Obituary: Anne Hagopian van Buren (1927-2008)
Members of the HNA probably know Anne van Buren, who died this month after a short illness, for her deep knowledge of fourteenth- and fifteenth-century Netherlandish art, especially of manuscripts. She was as well known to European as to American members, at home (literally) in France, and blessed with an unusually international background, having a Swiss mother and a father who grew up in francophone Cairo. Her education was likewise expansive and exceptional. Anne was trained as an astronomer, and was proud of having won her first academic honors in the national science scholarship competition that took her through Radcliffe. She carried her scientific training into art history, always beginning a project with what could be verified, and building carefully on physical evidence. It is not surprising that she later felt comfortable applying the techniques of infrared reflectography to panels and manuscripts.
Anne came to art history comparatively late in life, after launching four children, and earned her doctorate from Bryn Mawr in 1970. She found her enduring subject in late medieval manuscripts, under the tutelage of L.M.J. Delaissé at Oxford. Her dissertation on Burgundian illumination and the Chroniques de Hainaut was published only in an article, but she returned several times to the material, chasing down the artistic personality of Dreux Jean among other miniaturists, expanding her scrutiny to include sculpture and incunables, and, in a masterful commentary volume on the Turin-Milan Hours, proposing a scenario for the book’s clearly tortuous history that clarified Jan van Eyck’s participation.
Her professional life was enriched by her close fifty-year marriage to another scholar, the theologian Paul van Buren, whose work took them to Geneva, Heidelberg, Texas, Philadelphia, and Cambridge. Anne taught at Tufts University from 1975 until 1984. Ordinarily, perhaps, she would have obtained a teaching position that would have allowed her to guide generations of doctoral students. Instead she offered help and advice outside formal programs and across disciplinary boundaries. (I was lucky enough to work with her at Tufts, in a department that had no doctoral program to diffuse all that brilliant energy away from undergraduates, and I benefitted from her guidance well beyond the statute of limitations for undergraduate education.) She left full-time teaching, but took short appointments at Brown University and the University of Amsterdam. After Paulʼs death, she spent more time in New York City, and continued her work on dress in medieval manuscripts, to be published by the Morgan Library, and coordinated with a forthcoming exhibition.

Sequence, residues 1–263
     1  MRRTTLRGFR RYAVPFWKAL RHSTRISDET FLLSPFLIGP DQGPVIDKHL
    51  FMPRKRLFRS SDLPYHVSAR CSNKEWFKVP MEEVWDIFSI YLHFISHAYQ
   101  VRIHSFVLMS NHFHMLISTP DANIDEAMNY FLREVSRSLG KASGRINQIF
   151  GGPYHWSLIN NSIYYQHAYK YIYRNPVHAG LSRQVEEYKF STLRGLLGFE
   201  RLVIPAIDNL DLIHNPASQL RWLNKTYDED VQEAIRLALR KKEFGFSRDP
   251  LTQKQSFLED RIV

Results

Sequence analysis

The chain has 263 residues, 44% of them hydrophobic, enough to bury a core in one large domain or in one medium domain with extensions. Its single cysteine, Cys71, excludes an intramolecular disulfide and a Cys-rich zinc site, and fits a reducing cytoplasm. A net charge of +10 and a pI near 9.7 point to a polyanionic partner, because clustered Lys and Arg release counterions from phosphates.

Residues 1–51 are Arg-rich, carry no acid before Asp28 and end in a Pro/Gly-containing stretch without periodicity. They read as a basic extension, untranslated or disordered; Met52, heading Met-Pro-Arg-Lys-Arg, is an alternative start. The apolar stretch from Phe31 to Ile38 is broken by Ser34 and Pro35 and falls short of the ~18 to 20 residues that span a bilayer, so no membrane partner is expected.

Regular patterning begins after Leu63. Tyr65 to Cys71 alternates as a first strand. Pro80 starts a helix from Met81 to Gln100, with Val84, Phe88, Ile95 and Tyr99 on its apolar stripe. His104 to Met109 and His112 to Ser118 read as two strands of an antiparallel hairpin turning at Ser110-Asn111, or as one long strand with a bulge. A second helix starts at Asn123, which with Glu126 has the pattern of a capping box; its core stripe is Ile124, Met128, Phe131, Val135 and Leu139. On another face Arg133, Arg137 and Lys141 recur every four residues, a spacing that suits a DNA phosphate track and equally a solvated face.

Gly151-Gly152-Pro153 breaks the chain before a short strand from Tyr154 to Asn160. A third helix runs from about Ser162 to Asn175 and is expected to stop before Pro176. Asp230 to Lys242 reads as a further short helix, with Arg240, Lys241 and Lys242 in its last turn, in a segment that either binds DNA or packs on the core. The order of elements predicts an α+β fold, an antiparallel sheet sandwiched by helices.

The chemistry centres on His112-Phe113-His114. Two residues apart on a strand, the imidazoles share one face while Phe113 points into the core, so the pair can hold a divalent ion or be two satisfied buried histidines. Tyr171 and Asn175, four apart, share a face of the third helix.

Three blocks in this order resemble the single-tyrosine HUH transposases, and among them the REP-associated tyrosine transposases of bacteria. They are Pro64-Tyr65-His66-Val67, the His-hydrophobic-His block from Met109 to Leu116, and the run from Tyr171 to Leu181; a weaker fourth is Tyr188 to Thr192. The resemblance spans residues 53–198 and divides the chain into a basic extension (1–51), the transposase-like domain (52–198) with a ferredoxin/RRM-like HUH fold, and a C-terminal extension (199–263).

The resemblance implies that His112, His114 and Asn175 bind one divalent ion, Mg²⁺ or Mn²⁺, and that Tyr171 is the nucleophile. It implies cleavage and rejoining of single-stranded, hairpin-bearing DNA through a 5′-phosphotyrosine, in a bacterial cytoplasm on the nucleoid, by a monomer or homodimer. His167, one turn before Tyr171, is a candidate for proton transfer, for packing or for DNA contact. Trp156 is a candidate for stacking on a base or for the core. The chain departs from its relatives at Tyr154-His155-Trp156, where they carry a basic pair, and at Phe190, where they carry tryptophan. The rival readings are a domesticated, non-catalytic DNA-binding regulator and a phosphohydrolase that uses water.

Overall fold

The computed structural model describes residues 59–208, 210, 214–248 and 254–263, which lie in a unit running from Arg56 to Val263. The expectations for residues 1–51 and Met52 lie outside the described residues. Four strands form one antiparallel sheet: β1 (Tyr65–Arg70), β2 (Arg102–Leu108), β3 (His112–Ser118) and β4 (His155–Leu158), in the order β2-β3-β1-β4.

Anne was using fashion as a tool for art history as far back as her master’s thesis in 1964, when she suggested that Cézanne’s portraits of his wife could be dated by the dresses she was wearing. She took up dress studies again in the 1980s to delve into the material she knew best: Northern European art from the fourteenth and fifteenth centuries. Her approach gained in sophistication as art history in general grappled with concepts of representation, so that the theoretical component of the project grew alongside the practical. Moreover, her collection of reliably dated images, initiated as a tool, began to suggest its own avenues of research: she found that certain late medieval painters not only recorded current fashion, but they used outmoded fashion to indicate events in the past. Studying medieval dress is complicated not only by the dearth of surviving works but also by the need to sort out the often imprecise medieval terminology encountered in payment records, grammar books, and fiction (a few of her textual sources), and the need to distinguish between actual and fantasy dress. Teasing out the history of terms while looking for examples in datable works of art, each of which of course presents its own knotty problems, provided Anne with a worthy subject. The difficulty of any one of these aspects of the study of medieval dress explains why the project absorbed her attention for decades, and why its completion, as According to their Estate: Dress and Costume in the Art of France and the Low Countries, 1325-1515, is such an achievement. Roger Wieck, who has been closely involved with the book, has agreed to see it through to publication. As a monument it will be, I think, suitably extraordinary.
Elizabeth J. Moodey